25 November 2015
Roger Taylor, business development director at Time Systems (UK), explains why businesses should combine training and development with monitoring if they want to see big results
To put you in the mindset behind this article think about this: a) what good are skills that are not put to use often enough? And b) how can you know when they are being used anyway?
The answers are: a) not much, and b) watch closely.
It’s the second answer that we should all be interested in as that’s where the solution to a problem lies. There are plenty of ways to monitor staff, ranging from definitely not advisable tactics of following staff as they go about their duties, through to the slightly more strategically robust options, such as implementation of a system that links more than one aspect of staff management smoothly, including monitoring.
When you go into more detail regarding this, it’s possible to begin aligning your training and development activities precisely with your management activities. Now that your workforce is highly trained, how are you going to ensure that they stay with your company and that they continue to contribute? It’s a fundamental part of employing somebody that in their eyes you are reliable and honest. This starts with the essentials, such as being paid the right wages at the correct time. Imagine investing thousands on training an individual, then losing them over hundreds because your payroll and shift systems aren’t up to scratch. Equally, it’s no good either to shell out for training and lose money due to inaccurate time management on the employee’s part, that doesn’t represent a sound investment. Productivity gained from training should be validated like any other improvement to your business and the only way to do it is through the accurate monitoring of output and calculation of the true number of hours worked.
Integration of processes
Development and training often link to qualification and licenses too, which in some industries can be operationally critical. Things become more serious when there are legal obligations in place. So how to best stay in complete control? Any kind of file or record will do the job for you but then there’s also the possibility of neatly tying it in with the rest of your personnel file. Which is linked to your rotas. Which is linked to your payroll. Which is linked to your time recording system. These areas are all linked, so the obvious question is why would you keep any of it separate? Once upon a time it might have been necessary to undertake each task individually. The art and science of streamlining any system of management is usually in proper integration of processes. The smoother the links in the chain, the faster and more precisely things play out.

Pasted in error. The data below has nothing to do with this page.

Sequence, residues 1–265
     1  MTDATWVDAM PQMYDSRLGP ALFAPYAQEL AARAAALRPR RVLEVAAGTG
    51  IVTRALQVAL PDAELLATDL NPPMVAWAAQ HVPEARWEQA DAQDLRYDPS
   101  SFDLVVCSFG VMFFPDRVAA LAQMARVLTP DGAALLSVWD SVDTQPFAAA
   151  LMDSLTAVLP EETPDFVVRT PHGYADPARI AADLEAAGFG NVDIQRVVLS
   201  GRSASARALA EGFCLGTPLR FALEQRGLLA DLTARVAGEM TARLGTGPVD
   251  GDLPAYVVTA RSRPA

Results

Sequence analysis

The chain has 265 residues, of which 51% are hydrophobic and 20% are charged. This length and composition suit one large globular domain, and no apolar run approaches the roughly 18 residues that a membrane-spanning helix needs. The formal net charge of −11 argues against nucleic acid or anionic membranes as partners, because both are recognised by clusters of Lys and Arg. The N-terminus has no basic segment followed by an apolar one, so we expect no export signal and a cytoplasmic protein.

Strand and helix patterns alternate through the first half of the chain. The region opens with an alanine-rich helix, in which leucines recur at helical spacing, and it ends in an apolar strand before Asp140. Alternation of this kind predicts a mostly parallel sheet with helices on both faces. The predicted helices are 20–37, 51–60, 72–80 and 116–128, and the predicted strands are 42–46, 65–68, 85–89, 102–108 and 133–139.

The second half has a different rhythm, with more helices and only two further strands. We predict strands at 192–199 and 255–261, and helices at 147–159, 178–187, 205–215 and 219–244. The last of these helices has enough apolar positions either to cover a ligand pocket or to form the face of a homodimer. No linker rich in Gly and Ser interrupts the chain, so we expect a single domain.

Training and development should always feed into an ongoing plan for staff management else it’s hardly worth the time. Recording the training courses undertaken, licenses and experience of all employees with easy access to the information is an important starting point with plenty of value to offer. Subsequently, using systems to guarantee well-organised shift allocation, renewal of licenses and reliable payroll will all contribute to getting the best value from your workforce, and that is where your investment in training will yield its return rather than walking out of the door.
In summary, it’s all about having more control. Not in a power-crazed manner, but an authentic capability to carry out business administration effectively on a big scale but still playing to your strengths, eliminating risks and building a set of tools and processes that you can call on to support the fundamental ethos of the organisation.
Like following every employee around every day, it’s really quite hard to find the time to do it all yourself. That’s why there are software programs that will automate the whole process for you. So start taking advantage of them and let all those lessons learnt in training be put to good use.